How does Acupuncture Work?

Article Details
  • Written By: Mary McMahon
  • Edited By: Bronwyn Harris
  • Images By: Guillaume Baviere, Alfred Wekelo, Photok21, Idmanjoe
  • Last Modified Date: 06 January 2020
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According to the principles of Traditional Chinese Medicine, acupuncture works by stimulating meridians, lines of energy which flow through the human body. Acupuncture has been practiced for centuries in China and other Asian nations, and it is an important part of holistic health care in these regions. In other parts of the world, the practice has become more popular, with a number of specialists offering it to people who are interested in complementary medicine.

TCM relies on the basic principle that medical conditions can be traced to imbalances of the flow of energy, or qi, in the body. A practitioner attempts to correct this imbalance of energy in a number of ways, integrating herbal treatment, acupuncture, other forms of body work, and sometimes simple talk therapy into this treatment. Energy imbalances are diagnosed through a multi-stage process which involves observation of the patient and inspection of his or her body; an acupuncturist may examine a patient's tongue and feel the pulse, for example, in addition to asking probing questions.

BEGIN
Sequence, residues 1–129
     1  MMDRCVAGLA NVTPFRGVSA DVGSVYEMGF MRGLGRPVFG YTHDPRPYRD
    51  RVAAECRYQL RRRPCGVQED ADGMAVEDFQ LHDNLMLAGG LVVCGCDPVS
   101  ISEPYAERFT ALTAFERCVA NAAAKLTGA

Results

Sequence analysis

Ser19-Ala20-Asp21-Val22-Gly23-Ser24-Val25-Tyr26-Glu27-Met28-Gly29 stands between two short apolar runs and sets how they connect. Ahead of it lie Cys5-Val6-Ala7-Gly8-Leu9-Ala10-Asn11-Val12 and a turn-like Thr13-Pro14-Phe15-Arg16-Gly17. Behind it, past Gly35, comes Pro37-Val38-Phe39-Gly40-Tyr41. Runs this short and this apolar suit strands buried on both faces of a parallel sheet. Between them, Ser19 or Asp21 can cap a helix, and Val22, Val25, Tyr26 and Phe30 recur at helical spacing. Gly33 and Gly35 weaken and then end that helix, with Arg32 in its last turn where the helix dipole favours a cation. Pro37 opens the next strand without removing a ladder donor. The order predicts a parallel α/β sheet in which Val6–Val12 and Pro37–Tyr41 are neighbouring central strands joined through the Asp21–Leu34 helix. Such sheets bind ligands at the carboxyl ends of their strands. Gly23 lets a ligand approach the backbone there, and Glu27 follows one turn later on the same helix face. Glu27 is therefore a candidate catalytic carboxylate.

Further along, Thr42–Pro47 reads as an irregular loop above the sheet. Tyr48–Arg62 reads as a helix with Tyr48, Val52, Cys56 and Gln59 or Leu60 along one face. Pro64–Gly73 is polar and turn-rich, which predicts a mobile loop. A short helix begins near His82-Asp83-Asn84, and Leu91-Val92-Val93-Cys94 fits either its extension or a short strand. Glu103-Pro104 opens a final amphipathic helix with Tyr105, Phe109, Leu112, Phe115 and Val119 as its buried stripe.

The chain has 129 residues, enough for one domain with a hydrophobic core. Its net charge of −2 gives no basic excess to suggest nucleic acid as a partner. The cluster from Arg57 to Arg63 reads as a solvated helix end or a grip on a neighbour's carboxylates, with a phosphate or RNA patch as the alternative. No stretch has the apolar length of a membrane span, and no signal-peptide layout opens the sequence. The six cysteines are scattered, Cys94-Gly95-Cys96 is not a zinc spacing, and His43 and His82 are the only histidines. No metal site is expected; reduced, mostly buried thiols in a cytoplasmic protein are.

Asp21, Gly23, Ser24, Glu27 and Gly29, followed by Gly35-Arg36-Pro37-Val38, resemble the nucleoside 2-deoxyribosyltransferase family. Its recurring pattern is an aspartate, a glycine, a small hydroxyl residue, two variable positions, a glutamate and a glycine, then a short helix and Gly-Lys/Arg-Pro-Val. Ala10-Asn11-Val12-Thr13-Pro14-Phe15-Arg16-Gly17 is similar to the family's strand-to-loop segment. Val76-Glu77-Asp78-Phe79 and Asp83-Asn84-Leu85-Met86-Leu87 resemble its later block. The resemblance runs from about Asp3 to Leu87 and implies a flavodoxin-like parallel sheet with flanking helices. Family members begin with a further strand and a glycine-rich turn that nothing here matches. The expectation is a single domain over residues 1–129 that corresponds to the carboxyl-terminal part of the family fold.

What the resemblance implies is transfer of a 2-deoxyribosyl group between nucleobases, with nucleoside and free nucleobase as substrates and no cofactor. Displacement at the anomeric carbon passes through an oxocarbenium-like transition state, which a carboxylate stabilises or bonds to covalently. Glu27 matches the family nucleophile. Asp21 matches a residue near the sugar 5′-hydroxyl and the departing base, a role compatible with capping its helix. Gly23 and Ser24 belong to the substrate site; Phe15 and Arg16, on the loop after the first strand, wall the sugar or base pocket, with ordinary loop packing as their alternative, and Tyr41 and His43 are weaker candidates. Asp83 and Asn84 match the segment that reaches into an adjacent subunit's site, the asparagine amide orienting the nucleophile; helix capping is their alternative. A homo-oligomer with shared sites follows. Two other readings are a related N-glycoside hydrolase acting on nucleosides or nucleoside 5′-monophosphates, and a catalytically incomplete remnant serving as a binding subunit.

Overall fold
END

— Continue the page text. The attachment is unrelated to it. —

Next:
Once an imbalance has been identified, the acupuncturist knows which meridian to treat. Each meridian is marked by a series of specific acupuncture points used in particular circumstances; there are hundreds all over the human body, and several hundred are in active use by most acupuncturists. The practitioner inserts needles into these points to trigger a change in the flow of energy. Once inserted, the needles may be tapped, twisted, or mildly electrified to further influence the meridian.

In the West, there is some debate over whether or not acupuncture is effective, and if it is, which conditions it should be used to treat. Studies on the practice have had mixed results, with some studies suggesting that acupuncture is, in fact, very effective, while others seem to indicate that it may not be useful. In Asia, acupuncture is a highly valued form of medical treatment, used in a wide range of situations by specialists who are trained in acupuncture.

Acupuncture certainly stimulates the flow of chemical compounds in the body, just like other forms of bodywork. It has been used successfully as a form of anesthesia, and it also has an impact on brain activity, as proved by brain scans performed during acupuncture treatment. TCM is difficult to study under the umbrella of Western medicine, since it cannot be empirically tested in the way that drug treatments and other forms of Western medicine can be. As a result, medical authorities in the West are split about acupuncture; you may meet with a doctor who highly recommends it, or one who dismisses it. Ultimately, patients may want to decide for themselves by experiencing it.



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